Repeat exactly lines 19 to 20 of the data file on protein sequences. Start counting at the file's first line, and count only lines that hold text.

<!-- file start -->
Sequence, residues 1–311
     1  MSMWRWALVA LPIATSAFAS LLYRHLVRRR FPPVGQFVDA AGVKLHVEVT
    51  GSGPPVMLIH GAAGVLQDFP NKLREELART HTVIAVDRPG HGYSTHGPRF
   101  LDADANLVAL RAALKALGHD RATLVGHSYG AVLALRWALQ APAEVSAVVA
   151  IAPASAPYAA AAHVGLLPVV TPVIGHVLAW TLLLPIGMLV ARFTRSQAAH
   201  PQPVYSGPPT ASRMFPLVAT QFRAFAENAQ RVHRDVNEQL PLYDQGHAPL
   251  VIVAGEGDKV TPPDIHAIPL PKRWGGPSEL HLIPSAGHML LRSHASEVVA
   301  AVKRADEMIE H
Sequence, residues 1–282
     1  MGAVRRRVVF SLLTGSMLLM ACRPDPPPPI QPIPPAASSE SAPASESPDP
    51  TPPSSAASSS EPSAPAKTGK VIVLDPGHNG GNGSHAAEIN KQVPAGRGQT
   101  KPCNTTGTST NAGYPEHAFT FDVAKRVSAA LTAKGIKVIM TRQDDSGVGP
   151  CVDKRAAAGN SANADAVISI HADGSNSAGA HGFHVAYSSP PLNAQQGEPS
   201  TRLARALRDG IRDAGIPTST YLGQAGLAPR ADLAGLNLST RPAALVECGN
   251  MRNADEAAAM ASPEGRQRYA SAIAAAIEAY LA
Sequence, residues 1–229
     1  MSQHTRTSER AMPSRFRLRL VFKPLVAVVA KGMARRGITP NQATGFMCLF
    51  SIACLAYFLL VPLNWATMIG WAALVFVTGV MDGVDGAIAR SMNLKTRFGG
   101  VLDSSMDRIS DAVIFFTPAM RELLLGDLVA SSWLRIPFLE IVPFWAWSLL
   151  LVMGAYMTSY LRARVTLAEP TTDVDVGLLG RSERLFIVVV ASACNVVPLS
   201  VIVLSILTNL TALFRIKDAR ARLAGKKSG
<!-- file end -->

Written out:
   101  VLDSSMDRIS DAVIFFTPAM RELLLGDLVA SSWLRIPFLE IVPFWAWSLL
   151  LVMGAYMTSY LRARVTLAEP TTDVDVGLLG RSERLFIVVV ASACNVVPLS